There’s no denying 2020 was an incredibly challenging year for everyone, and the challenges will continue well into 2021. With so much uncertainty still ahead of us, one way we can help our sector to thrive throughout the turmoil is by nurturing our workforce.
A well-nurtured workforce is likely to be more motivated and engaged and to remain committed to achieving shared goals. Nurtured employees will also be less likely to leave the workforce.
CELA research and policy manager Megan O’Connell shares six steps to help nurture our early education workforce by implementing a supportive workplace culture.
Step 1) Encourage employee voice
Make a habit of genuinely asking employees to speak up, to voice their opinion and to try new things and share what they learn. Employees who are empowered to identify changes they would like to make, and to take measured risks, are more likely to feel valued and invested in helping to make improvements to the workplace.
Think about where you can actively solicit employee opinion:
- Are there issues where you as Director make a decision, where you could seek feedback and be open to change?
- What are the areas where you can be more flexible?
- How can you encourage feedback from staff less likely to speak in large groups – consider leaving a comments box or an anonymous survey in the staff room.
Step 2) Establish shared and clear organisational values
Employees need to see the connection between the daily work they do and the organisational values. Establish clear values that show what your organisation stands for, in consultation with employees and with your community.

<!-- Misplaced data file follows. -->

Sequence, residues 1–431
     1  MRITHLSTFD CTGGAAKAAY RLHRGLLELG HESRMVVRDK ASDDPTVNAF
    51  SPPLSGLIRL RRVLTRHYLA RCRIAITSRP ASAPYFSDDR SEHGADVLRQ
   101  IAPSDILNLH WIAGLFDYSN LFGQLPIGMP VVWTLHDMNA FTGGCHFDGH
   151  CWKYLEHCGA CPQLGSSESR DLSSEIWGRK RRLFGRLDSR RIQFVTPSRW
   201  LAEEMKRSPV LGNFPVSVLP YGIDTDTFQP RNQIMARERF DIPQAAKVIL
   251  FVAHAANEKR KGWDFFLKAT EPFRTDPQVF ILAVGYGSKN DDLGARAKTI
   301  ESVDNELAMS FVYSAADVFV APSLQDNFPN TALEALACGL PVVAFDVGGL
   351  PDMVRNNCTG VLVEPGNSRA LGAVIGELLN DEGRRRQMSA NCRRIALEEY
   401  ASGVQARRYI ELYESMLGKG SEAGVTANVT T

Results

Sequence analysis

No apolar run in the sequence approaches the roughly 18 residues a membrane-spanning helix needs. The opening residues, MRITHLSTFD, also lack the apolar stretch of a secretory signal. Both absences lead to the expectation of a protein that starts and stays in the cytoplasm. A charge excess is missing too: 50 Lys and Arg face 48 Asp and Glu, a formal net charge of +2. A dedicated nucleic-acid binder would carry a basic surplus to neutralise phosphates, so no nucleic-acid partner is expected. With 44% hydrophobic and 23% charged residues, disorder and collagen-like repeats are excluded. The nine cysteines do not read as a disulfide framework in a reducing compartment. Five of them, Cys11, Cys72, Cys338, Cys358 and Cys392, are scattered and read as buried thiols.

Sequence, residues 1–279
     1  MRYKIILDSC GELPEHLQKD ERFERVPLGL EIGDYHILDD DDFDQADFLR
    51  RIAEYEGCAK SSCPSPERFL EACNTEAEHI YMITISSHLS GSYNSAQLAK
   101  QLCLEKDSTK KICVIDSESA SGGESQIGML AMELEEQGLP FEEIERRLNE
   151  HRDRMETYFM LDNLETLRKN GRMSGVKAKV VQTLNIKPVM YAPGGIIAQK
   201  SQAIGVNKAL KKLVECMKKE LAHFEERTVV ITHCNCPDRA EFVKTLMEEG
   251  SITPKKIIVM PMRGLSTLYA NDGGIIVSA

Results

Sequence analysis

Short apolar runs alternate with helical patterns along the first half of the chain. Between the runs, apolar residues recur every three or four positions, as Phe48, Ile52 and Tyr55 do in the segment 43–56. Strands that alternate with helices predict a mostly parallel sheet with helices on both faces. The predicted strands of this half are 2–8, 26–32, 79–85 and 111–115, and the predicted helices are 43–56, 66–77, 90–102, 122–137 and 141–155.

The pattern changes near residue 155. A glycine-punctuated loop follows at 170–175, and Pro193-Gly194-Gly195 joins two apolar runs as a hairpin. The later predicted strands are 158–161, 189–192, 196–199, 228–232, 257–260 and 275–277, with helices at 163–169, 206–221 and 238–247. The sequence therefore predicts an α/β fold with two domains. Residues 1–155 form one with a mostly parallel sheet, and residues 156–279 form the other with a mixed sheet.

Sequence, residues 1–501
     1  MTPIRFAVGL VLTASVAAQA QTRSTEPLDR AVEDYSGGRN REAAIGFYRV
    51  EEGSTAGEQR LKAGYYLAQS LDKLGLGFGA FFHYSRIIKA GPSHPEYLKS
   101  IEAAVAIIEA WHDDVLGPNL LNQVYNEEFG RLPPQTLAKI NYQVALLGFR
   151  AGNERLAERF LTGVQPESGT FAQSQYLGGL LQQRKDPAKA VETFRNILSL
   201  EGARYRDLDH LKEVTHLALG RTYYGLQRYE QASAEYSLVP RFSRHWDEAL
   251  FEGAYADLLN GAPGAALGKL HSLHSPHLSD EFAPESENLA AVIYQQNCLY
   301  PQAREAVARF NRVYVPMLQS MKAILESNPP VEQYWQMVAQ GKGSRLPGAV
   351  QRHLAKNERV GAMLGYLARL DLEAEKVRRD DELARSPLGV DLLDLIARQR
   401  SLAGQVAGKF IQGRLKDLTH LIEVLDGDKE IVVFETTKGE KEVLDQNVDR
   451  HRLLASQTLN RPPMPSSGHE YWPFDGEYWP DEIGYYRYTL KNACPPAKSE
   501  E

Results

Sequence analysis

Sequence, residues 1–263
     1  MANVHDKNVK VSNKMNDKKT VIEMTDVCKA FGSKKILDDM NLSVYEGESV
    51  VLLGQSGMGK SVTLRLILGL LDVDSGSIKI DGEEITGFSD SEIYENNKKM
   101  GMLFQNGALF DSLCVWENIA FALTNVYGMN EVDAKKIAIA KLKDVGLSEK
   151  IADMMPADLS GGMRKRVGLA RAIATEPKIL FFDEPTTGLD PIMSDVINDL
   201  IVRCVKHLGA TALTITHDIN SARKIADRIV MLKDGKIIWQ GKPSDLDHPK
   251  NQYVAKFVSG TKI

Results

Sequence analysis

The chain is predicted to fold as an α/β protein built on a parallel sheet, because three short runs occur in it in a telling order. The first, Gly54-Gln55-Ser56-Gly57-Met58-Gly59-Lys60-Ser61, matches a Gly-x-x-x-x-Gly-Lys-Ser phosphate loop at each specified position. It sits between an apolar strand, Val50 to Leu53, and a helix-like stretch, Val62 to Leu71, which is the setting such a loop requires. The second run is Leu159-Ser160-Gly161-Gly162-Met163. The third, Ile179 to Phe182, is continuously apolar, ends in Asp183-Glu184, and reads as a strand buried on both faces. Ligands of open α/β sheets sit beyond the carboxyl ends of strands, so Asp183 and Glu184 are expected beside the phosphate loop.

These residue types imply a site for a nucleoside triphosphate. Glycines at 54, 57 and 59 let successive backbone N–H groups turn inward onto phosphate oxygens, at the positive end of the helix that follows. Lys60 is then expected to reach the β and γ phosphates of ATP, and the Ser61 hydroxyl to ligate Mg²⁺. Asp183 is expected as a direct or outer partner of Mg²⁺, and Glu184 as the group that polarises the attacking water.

- Work with employees to show how their work contributes to the organisational values and strategy.
- Show how values are used to drive and reinforce the organisational culture.
Step 3) Establish clear objectives and rewards
Work with staff to create challenges to motivate and guide continual growth and development.
- Think about what intrinsically motivates staff.
- What can staff master and where can they share their enhanced expertise with others?
- Consider what type of support staff will need to undertake challenges – this could include coaching or professional development.
- Show appreciation and recognise staff efforts.
Step 4) Show empathy and compassion
Leading isn’t just about achieving the bottom line. Care and compassion for staff is essential, and this comes from the top. Coping with the uncertainty of COVID-19 remains a challenge. Support staff to manage anxiety and deal with uncertainty.
Visit Mindspot.org.au for information on coping resources.
Step 5) Nurture social connections
Employees who feel connected to each other are more likely to support each other and to feel satisfied in their work.
Find authentic ways to nurture social connections that do not add to employee burden – for example, trivia nights might not be helpful if employees have young families to care for after work.
Step 6) Make sacrifices for employees
Leaders who make sacrifices for employees are often rewarded with increased employee motivation and satisfaction. Staff feel valued when employers lighten their burden – this might include sending a staff member home early when they have a birthday to attend or sharing the cleaning roster between all staff in a centre, including the Director.
It’s important to keep everything in balance to the degree possible and to exercise self-care, as staff will be less likely to feel able to nurture themselves if they see leaders repeatedly working excessive hours.
Everyone plays a role in contributing to a nurturing workplace and in doing so building satisfaction, resilience and productivity.
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